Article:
New York Yankees

Derek Jeter's New Swing Mechanics: How It Impacts the New York Yankees

NEW YORK - OCTOBER 18:  Derek Jeter #2 of the New York Yankees bats against the Texas Rangers in Game Three of the ALCS during the 2010 MLB Playoffs at Yankee Stadium on October 18, 2010 in New York, New York. The Rangers won 8-0. (Photo by Al Bello/Getty Images)
Al Bello/Getty Images
Rich StoweAnalyst IIIMarch 3, 2011

We all know what happened to Derek Jeter last season. He had the worst overall offensive season of his career. Then, last September, Jeter started working with the Yankees hitting coach, Kevin Long, and his season started to turn around.

What was the one thing Long and Jeter were focusing on? Jeter's stride when he was swinging the bat. Last year it seemed like every time Jeter was at the plate, he simply hit a ground ball and this was more than likely caused by his stride not letting him see the ball long enough. So, Long wanted Jeter to shorten his stride and it seemed to work. This year, Long wants him to eliminate it completely.

As players get older, they lose bat speed. A loss of bat speed means the player has to be able to see the ball longer to get a better swing on the ball. Jeter's strength in years past was the ability to drive the ball to the opposite field and in hitting line drives, both of which were lacking last season and this prompted the change.

The main problem Jeter seems to be having so far this spring is the mental aspect of changing something he's done for his whole life (Jeter, as of the morning of March 2, was 1-for-6 in the spring, all ground balls). However, no one on the Yankees is panicking yet; after all, this is what spring training is for. Kevin Long, Joe Girardi and even Jeter himself know it's just going to take time.

What does this mean for the New York Yankees in 2011?  Well, if Jeter doesn't take to the new swing well, it could mean a further decline in his offensive production compared to last year and that will necessitate a drop in the lineup from leadoff to the bottom of the order.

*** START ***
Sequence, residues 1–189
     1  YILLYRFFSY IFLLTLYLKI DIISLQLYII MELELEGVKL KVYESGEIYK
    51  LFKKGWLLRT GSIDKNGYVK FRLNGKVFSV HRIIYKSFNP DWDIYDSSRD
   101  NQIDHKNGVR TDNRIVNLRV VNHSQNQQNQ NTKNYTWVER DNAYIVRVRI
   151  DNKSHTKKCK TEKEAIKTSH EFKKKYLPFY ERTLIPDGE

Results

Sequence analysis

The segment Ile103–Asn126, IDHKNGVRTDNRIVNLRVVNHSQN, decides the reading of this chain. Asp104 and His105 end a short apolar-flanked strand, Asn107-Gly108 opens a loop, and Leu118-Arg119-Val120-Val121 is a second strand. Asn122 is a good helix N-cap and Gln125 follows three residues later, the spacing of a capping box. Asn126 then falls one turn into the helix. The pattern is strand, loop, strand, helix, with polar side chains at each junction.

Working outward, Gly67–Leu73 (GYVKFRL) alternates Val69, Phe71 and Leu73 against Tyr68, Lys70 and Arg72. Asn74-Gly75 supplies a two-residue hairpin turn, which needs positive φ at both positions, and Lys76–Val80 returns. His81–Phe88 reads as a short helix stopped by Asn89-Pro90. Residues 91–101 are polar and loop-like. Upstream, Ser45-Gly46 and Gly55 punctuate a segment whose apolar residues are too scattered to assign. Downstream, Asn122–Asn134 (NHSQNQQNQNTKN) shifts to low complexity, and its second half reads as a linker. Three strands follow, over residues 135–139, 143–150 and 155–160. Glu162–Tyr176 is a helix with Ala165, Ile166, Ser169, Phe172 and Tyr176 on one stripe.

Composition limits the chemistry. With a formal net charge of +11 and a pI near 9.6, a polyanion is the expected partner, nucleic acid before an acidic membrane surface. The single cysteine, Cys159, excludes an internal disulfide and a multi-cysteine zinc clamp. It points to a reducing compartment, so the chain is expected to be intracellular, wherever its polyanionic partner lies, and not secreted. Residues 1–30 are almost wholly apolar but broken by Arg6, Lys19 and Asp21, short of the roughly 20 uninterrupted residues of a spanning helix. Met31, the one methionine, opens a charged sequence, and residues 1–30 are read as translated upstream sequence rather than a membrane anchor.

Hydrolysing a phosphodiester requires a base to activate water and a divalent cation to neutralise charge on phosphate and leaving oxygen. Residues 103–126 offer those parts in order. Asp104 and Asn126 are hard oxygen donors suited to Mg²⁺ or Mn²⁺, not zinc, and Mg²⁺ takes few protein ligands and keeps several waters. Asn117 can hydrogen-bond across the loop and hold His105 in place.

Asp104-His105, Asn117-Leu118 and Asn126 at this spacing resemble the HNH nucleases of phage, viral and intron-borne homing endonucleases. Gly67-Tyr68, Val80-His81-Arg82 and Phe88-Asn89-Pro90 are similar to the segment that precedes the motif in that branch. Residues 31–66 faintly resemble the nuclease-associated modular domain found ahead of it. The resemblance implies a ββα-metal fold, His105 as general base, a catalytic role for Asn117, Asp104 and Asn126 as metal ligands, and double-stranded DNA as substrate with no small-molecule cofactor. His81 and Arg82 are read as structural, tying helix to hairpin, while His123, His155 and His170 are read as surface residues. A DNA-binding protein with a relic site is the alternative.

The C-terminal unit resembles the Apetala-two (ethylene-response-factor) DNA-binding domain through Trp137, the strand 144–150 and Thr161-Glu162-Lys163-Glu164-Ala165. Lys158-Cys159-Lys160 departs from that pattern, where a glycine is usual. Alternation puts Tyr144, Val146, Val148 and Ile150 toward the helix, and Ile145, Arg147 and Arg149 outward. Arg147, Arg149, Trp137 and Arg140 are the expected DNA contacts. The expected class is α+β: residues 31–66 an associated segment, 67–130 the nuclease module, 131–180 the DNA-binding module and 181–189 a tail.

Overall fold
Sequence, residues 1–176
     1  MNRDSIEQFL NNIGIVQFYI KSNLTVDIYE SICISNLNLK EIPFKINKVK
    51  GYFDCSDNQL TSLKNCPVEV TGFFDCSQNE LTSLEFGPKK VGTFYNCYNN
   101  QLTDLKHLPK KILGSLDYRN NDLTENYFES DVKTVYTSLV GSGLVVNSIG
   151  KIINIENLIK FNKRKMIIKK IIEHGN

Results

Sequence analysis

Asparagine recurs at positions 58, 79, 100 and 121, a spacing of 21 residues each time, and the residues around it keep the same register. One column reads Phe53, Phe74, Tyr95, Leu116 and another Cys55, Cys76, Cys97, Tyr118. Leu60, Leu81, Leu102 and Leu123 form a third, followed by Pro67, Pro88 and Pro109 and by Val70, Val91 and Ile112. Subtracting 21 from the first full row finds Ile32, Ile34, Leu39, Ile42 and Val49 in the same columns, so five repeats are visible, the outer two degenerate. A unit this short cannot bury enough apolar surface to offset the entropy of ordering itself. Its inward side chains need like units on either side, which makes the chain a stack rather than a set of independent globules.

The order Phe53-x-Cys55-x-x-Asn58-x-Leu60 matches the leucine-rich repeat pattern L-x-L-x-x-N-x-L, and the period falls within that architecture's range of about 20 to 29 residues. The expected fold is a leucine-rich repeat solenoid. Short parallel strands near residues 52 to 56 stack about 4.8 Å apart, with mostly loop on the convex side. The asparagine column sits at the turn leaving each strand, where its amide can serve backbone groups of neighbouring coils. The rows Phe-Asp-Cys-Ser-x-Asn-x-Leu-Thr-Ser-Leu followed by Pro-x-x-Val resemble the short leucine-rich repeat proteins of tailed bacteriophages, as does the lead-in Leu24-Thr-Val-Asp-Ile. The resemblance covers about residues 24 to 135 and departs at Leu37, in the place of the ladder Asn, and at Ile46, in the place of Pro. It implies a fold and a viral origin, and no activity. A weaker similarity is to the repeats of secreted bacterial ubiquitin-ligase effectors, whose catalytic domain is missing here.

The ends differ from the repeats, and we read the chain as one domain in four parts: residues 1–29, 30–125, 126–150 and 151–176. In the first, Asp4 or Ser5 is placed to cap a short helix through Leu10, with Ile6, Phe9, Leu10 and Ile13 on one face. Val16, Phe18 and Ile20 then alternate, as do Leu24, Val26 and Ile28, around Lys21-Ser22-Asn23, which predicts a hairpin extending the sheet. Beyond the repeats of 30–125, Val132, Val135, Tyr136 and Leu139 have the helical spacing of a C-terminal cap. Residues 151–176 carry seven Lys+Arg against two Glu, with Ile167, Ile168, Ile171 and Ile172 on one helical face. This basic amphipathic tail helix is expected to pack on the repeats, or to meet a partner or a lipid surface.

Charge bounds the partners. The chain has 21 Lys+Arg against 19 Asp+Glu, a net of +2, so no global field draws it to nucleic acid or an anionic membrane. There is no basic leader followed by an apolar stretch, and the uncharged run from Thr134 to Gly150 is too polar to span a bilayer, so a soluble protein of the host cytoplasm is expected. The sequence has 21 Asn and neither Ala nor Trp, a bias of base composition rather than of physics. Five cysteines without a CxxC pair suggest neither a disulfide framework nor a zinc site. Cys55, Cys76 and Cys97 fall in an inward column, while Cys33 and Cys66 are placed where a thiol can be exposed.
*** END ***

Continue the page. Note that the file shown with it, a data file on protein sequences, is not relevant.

However, if he does take to it and does it quickly, just how much will he improve over last year's stat line of .270 batting average, .340 OBP, .370 slugging percentage, .710 OPS and 90 OPS+?

Well, if he goes back to hitting line drives more, that should mean more singles (and possibly doubles) which will increase his batting average, OBP and Slugging Percentage.  If he can get his batting average closer to .290, his OBP closer to .380 and his slugging percentage closer to .420, that would warrant him remaining in the leadoff spot. 

With Jeter having those numbers in the leadoff spot, that means players like Teixeira, Rodriguez and Cano will have more opportunities with men on base and that should equal more runs scored for Jeter (and the Yankees) and more RBI for the heart of the Yankee lineup (last season Teixeira "only" had 108 RBI).

So, what do I think will happen this season? You don't have to look far to see what kind of effect working with Kevin Long for a full season can do for a hitter. Prior to 2010, Nick Swisher's best single-season batting average was .262 (in 2007), his best slugging percentage was .498 (in 2009), his best OPS was .869 (also in 2009) and his best OPS+ was 126 (in 2007). 

What did Swisher do in those categories in 2010? He batted .288 with a slugging percentage of .511, an OPS of .870 and an OPS+ of 130, all career highs.

My prediction for Jeter in 2011, provided he's able to break though the mental barriers in regards to the new swing: .288 batting average, .370 OBP, .415 slugging percentage and an OPS of .785 (all significant improvements over 2010). 

I personally don't think we'll ever see the Jeter of old at the plate. However, there's one thing all baseball fans know: you never count Derek Jeter out.

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